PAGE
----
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All Love is Unconditional

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We try to accept substitutes for love and end up still feeling empty. Why? Because… there are no substitutes for love.

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That's right, contrary to one of humanity's most common misconceptions, all love is unconditional. In fact, there is no other kind of love.  

If it's conditional, it's not love.

Human beings spend lifetimes trying to figure out ways to "get" love, or more of it, from lovers, friends, parents, children, etc., even from ourselves. We contort ourselves by suppressing what we believe to be unacceptable aspects of ourselves, including some of our feelings and thoughts, in order to get more love. We force stereotyped behaviors upon ourselves in a futile effort to be more worthy of love. We try in desperation to accept substitutes for love, substitutes like attention, admiration, praise, sex, food, money, etc., and end up still feeling empty, even when we are showered with those things. 

Why? 

Because… there are no substitutes for love.

One of the essential features of love, besides being unconditional, is that it is freely given in direct proportion to the giver's capacity to love. To whatever degree the channel for expressing love is open or closed in any individual, that's how much love you can receive from them, depending then on how open you are to receiving love. 

Period. End of story. You can't earn more, no matter what you do. 

And likewise, you can't be less deserving of love due to negative behaviors, thoughts or feelings. That's right. You may be less appealing to spend time with if you are acting out negative impulses or remaining unconscious to yourself, which is why someone can leave  a relationship with you, even though they may still love you, but you will never be less worthy of love based on your actions.

Take a breath on that one, folks. The deal is that if your actions, whatever they are, are judged by you to be proof of your unworthiness, you will close off to receiving love as a result, love that might actually help you heal what was ailing you that made you act out negatively in the first place. Another way of saying this is that our belief in our own "badness" is what leads to our behaving badly and our belief in our own unworthiness is what leads to our experience of lacking love in our lives.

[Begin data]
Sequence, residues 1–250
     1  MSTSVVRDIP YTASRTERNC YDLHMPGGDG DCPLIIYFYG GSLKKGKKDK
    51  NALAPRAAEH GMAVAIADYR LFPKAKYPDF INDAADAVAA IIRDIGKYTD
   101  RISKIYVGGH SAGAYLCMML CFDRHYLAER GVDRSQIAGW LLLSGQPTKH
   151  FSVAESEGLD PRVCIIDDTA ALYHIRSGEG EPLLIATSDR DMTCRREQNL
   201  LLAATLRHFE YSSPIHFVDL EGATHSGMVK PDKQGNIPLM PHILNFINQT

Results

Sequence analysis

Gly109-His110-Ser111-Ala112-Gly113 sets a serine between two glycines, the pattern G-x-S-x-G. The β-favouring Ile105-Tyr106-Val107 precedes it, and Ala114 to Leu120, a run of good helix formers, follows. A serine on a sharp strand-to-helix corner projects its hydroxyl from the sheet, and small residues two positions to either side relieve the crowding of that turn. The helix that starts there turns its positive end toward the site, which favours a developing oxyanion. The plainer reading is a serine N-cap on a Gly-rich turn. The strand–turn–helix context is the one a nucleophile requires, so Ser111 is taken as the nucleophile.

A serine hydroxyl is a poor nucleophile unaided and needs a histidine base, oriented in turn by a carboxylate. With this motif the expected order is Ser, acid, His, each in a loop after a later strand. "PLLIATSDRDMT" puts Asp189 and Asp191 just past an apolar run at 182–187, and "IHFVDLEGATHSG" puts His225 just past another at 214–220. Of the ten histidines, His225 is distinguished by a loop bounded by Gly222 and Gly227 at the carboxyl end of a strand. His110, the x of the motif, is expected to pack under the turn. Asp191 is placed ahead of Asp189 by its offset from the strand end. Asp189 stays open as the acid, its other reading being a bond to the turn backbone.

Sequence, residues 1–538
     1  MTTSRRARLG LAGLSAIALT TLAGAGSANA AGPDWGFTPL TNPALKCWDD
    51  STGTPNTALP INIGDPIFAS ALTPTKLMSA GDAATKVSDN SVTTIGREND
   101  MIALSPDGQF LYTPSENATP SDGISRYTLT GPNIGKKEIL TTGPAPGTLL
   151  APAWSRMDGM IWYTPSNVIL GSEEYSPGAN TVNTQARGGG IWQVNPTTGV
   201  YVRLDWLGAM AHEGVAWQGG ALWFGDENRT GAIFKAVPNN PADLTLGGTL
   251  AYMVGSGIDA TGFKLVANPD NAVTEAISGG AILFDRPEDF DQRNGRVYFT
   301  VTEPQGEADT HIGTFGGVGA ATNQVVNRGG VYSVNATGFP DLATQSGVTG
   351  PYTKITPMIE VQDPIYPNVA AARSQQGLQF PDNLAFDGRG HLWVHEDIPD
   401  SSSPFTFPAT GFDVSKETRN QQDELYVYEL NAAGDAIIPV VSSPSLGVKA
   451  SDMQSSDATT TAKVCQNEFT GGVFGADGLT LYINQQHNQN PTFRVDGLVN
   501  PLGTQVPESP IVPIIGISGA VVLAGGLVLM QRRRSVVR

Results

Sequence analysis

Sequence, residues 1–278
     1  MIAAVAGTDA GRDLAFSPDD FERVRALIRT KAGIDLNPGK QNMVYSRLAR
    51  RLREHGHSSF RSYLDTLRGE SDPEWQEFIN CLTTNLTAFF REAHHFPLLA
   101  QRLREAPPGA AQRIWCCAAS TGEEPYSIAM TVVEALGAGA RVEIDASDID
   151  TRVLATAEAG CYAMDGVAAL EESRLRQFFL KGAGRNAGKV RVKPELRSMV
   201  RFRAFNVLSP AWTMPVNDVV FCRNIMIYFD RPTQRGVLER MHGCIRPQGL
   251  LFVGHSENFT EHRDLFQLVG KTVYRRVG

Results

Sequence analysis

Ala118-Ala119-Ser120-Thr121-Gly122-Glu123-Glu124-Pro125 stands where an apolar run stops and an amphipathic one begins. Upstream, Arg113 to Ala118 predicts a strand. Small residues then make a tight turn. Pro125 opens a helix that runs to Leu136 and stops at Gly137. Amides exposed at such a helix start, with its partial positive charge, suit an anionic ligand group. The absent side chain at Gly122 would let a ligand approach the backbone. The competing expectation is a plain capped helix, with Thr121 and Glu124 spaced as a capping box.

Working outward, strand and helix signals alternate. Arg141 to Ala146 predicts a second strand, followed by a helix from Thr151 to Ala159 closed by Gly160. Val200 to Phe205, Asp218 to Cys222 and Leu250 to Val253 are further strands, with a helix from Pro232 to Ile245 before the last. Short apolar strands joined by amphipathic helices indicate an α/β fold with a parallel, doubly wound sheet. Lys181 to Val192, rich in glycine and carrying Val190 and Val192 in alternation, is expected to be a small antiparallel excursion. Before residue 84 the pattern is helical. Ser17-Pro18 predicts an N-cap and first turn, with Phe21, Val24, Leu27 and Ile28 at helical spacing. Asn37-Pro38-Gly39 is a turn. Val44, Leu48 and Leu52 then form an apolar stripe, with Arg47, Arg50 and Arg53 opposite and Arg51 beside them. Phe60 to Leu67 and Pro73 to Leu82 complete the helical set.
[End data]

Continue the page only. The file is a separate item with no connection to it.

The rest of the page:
In childhood, which is where we initially develop these illusions about ourselves and love, we start out in a state of natural "purity," so to speak. We expect to receive love in the same confident way that plants sprouting up from the ground expect to receive sunlight. When a child, organically dependent on adults totally for several years, does not receive the love that it needs to become fully self-actualized, it cannot conceive that the source of their suffering and lack is that their parents are flawed. A human child would be devastated if faced with the reality that its parents are not self-actualized enough to channel the amount of love said child needs to flourish. So, the next most tolerable thought had by that deprived child (all of us on Earth, by the way, in the time period we've been in) is: "It must be my fault. If only I can figure out how to be more worthy, I will get what I need."

And of course, it never works.

It never happens, because the issue was the inability of the unactualized love-givers in early life to give more. Nonetheless, well into adulthood, human beings continue the fruitless efforts to become more deserving of love, or more satisfied with its substitutes, until or if one finally does the self-work necessary to become self-actualized and able to access the unconditional love of our true Higher Self for our physical/emotional self. This unconditional self-love then becomes the basis for actualized love between adults, which is shared, not "earned," not co-dependent, not conditional.

Here's a quote from the Guide:

"Blocks and prohibitions of true fulfillment exist because within the adult personality, the infant still claims fulfillment according to its mode.” (It's "mode" being to try and make itself more worthy through illusory efforts at self-perfection.)

On the website of the Pathwork Guide Lectures, do a search for the word "love." Here you will find a wealth of material on this subject.

Also, make sure to check out another piece of mine, called "LOVE JUNKIES? MAYBE IT'S NOT LOVE!"

Give yourself access to what is inherently yours, folks, the unconditional love that already exists within you for you, by doing whatever it takes to open the channel.

You deserve it… just because you do!


Peter Loffredo headshot

Peter Loffredo has been a holistic psychotherapist, licensed clinical social worker and writer in New York City for over 35 years. His blog, Full Permission Living, has garnered a world-wide following and hundreds of thousands of followers over the last decade.


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